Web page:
What to consider when you relocate to a new job 1 SA Study University, FET and Bursary Information South Africa

As someone who moved from a small town upcountry to Cape Town to take up an internship with no guarantee of permanent employment, I went through all the doubts and emotions that accompany such a life-changing move.

Would it work out? What would the people be like? How far would I have to travel to get to the office? What would I do on weekends in a strange city, with no friends??I am glad to say it did all work out, and I am still here over two years later. My experience motivated me to share some tips for those of you considering a move for a job, as laid out below.

Do some homework BEFORE you say yes

When one is offered a job in another city, or their current job requires them to relocate, some say yes in a heartbeat, while others struggle with the uncertainty that accompanies such a big change. To help you decide, it is useful to determine certain things before committing to the move – these include housing expenses, daily or monthly travelling costs, the distance from where you will be staying to your workplace, safety of your new neighbourhood, availability of public transport and general cost of living in the new town or City, as well as some research related specifically to the place you intend working at – such as reputation, staff turnover, brand positioning, staff complement etc.

Stay organised

Once you say yes, get organised. A lot of stress that comes with moving comes from managing the logistics, like leaving your current home, finding a new one, changing banks etc. You need to be organised. Keep to – do lists for both your departure and arrival locations so that you can stay on top of everything.

If your employer doesn’t typically offer relocation assistance, ask for it

If you learn that assistance isn’t typically given, don’t be scared to negotiate. Start by researching moving costs so that you can present your employer with a detailed estimate of how much your relocation is expected to cost you. Having this supporting information is crucial to the success of your request. For a junior position expecting financial support may not be viable, but even assistance with finding a place to stay or making contacts would be helpful.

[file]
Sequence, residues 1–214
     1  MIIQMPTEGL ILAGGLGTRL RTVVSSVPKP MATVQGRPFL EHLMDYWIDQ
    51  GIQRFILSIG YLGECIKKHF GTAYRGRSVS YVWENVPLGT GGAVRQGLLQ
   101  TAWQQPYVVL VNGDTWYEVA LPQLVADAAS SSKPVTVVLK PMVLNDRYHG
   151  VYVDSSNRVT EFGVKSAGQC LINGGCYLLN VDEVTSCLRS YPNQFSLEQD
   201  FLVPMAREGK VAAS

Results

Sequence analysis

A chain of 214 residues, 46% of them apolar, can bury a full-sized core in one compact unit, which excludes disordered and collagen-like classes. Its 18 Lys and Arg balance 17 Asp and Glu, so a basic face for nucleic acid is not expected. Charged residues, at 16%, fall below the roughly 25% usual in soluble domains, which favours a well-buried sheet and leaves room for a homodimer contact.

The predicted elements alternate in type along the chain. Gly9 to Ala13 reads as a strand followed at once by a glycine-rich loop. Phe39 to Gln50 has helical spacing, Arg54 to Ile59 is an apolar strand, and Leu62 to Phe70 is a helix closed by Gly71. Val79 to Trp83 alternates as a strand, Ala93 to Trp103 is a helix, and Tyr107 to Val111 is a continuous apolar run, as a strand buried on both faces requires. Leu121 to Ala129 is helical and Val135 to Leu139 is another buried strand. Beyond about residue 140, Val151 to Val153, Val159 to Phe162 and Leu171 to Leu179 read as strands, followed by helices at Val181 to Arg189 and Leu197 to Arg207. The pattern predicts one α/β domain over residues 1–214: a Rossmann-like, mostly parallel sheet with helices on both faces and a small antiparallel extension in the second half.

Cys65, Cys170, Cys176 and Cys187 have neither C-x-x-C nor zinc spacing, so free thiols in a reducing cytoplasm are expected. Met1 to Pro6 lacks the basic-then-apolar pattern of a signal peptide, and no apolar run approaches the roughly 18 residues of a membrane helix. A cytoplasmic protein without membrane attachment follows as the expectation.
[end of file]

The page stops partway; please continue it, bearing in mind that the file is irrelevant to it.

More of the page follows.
Take time to know your new environment before you move

If you have the luxury of taking some time to explore your new city before the final move, do so! Explore the neighbourhoods in the area to make sure that you find the one best suited to your lifestyle. If you are unable to visit personally, take the time to talk to people that live there or used to live there, and get as much perspective as you can on what you’re walking into. You should also read the local news or any local blogs to understand the vibe and learn what’s going on in your new town.If you have a relative, friend or acquaintance that you can stay with while you settle in, even better.

Research, Research, Research

Use tools like salary and cost of living calculators to determine whether your new salary will pay the bills in the local area where you plan to work.

Make use your of your network

If you are a university graduate, it is a good idea to check if your college or university has a Career Network of alumni you can network with. They may be able to give you advice on housing, transportation,entertainment and everything else you will need to know about your new community. If you belong to a professional association, contact the local chapter and network with the members.

Whatever the case may be, the reality is that moving to a new environment is a life changing event, and one that requires some forethought and a whole lot of preparation. Good luck!

To learn more on work related topics, particularly if you are looking to enter the working environment for the first time, visit www.gogap.co.za

Article issued by Student Brands. To view their profile on SAstudy, click here.

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